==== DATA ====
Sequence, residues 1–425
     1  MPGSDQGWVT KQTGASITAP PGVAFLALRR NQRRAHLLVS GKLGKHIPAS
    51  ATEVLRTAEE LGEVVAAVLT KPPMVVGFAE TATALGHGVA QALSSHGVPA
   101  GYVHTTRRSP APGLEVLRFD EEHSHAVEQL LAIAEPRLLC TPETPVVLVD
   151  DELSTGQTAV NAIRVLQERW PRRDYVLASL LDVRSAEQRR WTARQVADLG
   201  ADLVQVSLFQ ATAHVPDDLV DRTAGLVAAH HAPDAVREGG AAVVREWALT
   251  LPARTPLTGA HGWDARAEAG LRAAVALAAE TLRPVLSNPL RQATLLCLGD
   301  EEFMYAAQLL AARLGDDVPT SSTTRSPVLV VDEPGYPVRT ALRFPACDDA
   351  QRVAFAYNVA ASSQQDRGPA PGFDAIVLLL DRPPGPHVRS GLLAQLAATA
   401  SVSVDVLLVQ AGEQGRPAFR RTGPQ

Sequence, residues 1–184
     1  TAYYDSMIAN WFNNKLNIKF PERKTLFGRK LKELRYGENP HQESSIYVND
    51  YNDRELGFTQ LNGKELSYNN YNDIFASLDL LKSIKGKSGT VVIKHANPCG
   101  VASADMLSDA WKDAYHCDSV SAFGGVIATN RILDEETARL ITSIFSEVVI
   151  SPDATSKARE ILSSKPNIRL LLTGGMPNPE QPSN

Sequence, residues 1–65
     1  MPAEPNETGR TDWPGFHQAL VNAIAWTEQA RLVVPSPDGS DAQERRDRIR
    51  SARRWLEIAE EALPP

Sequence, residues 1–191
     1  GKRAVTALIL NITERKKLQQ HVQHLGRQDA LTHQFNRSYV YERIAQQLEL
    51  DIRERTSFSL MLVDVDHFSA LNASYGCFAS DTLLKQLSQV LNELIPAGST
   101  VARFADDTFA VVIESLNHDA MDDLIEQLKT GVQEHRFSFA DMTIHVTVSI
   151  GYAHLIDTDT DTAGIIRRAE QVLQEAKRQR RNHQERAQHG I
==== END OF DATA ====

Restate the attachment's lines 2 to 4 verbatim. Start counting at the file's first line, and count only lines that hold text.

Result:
     1  MPGSDQGWVT KQTGASITAP PGVAFLALRR NQRRAHLLVS GKLGKHIPAS
    51  ATEVLRTAEE LGEVVAAVLT KPPMVVGFAE TATALGHGVA QALSSHGVPA
   101  GYVHTTRRSP APGLEVLRFD EEHSHAVEQL LAIAEPRLLC TPETPVVLVD